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Litoria dayi

Australian Lace-Lid

Conservation Status

EPBC:

Vulnerable

IUCN:

Endangered

Calling Period

Possible
Yes
Peak
Jan
Feb
Mar
Apr
May
Jun
Jul
Aug
Sep
Oct
Nov
Dec

Description

A medium-sized species of frog reaching up to 6 cm in body length. It has a grey-brown, yellow-brown or reddish-brown back, with or without several cream-coloured patches or spots. The belly is cream-coloured. The pupil is horizontal and the iris is nearly black, making it difficult to distinguish from the pupil. There is also a distinct pattern of cream-coloured veins on the lower eyelid. Fingers are half-webbed and toes are nearly fully webbed, both with large discs.

Breeding Biology

Eggs are laid under or just above the surface of the water as a cluster that sticks to rocks in fast flowing streams. Tadpoles can reach a total length of 3.5 cm, and are yellow in colour when young, changing to grey with gold mottling, or black and white mottling, when older. They use their mouthparts to stick to rocks in order to avoid being swept away by flowing water, and take three to four months to develop into frogs. Breeds during spring to summer.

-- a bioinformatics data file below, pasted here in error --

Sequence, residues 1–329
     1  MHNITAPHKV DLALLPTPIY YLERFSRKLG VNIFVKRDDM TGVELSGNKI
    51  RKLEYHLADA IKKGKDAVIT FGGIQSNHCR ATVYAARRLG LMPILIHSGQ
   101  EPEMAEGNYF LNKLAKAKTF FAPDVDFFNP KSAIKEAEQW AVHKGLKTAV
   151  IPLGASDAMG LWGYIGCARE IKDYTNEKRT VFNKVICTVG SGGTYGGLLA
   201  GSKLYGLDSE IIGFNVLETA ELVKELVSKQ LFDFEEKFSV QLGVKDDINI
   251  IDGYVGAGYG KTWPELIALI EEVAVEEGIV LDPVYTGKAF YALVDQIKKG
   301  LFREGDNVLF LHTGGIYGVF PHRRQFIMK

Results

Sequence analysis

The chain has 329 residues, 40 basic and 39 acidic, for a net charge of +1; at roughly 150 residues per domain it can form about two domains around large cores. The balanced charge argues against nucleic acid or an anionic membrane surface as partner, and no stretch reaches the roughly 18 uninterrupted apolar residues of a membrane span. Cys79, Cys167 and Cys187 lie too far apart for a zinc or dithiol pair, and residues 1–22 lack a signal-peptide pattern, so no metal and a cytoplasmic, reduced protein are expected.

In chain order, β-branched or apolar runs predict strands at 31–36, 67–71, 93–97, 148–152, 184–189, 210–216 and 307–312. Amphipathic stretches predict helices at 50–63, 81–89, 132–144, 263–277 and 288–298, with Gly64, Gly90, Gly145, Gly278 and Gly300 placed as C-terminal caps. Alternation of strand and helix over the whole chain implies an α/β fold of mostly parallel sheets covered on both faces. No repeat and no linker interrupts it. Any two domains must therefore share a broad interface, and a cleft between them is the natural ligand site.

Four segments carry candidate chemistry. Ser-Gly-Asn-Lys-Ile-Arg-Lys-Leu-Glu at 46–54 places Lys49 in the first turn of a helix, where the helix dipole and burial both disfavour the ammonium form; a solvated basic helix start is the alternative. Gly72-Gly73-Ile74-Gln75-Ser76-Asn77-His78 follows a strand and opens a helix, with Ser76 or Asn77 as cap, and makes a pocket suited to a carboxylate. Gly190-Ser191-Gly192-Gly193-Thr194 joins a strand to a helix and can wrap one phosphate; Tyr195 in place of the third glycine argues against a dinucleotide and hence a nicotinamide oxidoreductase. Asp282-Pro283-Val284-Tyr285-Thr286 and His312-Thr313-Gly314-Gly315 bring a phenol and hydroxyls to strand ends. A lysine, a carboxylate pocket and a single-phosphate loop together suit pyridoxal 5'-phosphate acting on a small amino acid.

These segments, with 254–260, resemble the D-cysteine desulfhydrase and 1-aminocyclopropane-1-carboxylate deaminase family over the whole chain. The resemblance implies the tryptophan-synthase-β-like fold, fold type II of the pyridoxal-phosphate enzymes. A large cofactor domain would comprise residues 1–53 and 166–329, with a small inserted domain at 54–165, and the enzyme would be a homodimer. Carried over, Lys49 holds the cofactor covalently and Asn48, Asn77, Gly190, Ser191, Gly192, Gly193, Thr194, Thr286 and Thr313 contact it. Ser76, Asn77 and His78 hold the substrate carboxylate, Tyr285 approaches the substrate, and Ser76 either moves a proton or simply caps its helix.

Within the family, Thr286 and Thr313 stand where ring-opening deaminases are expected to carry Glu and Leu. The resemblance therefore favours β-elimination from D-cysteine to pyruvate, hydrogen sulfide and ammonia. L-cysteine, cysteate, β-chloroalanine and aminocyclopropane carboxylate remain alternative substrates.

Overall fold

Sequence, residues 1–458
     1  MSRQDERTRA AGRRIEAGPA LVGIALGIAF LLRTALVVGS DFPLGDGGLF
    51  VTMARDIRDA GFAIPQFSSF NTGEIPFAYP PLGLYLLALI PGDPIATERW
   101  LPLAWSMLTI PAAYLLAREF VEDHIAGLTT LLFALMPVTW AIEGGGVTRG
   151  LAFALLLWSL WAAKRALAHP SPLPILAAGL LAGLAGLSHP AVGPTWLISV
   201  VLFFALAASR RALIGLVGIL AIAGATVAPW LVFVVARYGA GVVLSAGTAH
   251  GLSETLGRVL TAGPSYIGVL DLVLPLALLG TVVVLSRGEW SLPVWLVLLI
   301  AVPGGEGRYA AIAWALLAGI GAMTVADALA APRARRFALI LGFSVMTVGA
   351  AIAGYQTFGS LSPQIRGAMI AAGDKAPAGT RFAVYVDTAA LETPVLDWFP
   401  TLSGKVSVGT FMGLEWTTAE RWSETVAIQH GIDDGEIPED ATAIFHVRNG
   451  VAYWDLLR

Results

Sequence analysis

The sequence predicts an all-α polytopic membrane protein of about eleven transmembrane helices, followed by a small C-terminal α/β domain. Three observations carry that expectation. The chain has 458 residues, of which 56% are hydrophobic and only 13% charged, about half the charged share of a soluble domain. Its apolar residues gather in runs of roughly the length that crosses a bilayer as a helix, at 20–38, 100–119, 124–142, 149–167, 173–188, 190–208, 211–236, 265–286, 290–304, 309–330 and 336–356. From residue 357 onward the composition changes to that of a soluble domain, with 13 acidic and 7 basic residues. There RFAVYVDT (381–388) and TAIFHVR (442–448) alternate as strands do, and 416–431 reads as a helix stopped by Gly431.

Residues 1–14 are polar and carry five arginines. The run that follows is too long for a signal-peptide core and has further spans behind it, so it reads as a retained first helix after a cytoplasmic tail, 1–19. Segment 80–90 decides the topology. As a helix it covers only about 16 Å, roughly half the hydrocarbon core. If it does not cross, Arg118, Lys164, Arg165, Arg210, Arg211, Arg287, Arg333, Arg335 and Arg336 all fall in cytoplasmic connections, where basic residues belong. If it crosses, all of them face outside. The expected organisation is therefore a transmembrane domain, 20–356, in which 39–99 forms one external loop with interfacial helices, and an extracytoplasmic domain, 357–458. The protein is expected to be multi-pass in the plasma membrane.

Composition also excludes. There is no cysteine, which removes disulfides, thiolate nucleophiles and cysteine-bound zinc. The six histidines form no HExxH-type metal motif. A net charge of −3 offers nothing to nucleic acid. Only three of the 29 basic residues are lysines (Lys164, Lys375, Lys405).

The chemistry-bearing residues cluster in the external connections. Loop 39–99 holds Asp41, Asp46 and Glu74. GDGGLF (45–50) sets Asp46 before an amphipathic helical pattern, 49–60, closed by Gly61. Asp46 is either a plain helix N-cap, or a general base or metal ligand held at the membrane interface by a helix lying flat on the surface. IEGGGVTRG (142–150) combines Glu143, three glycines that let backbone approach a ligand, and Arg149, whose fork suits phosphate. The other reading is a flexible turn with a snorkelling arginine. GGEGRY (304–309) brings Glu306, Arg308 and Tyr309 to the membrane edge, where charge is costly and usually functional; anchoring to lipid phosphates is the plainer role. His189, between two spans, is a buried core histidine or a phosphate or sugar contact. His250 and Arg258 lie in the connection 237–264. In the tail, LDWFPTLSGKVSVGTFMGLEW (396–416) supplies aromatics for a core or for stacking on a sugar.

Similar Species

Looks similar to Litoria lorica, Litoria nannotis, Litoria nyakalensis, and Litoria rheocola in its distribution, but all of these species lack a nearly black iris.

Images

Photo: Jodi Rowley

Photo: Jodi Rowley

Photo: Jodi Rowley

Photo: Jodi Rowley

Calls

By: Chris Roach

By: Wise Hok Wai Lum

Distribution

Formerly found throughout all elevations in the Wet Tropics region of QLD, but has declined severely due to the amphibian chytrid fungus, and is now known only from lower elevations in the region.

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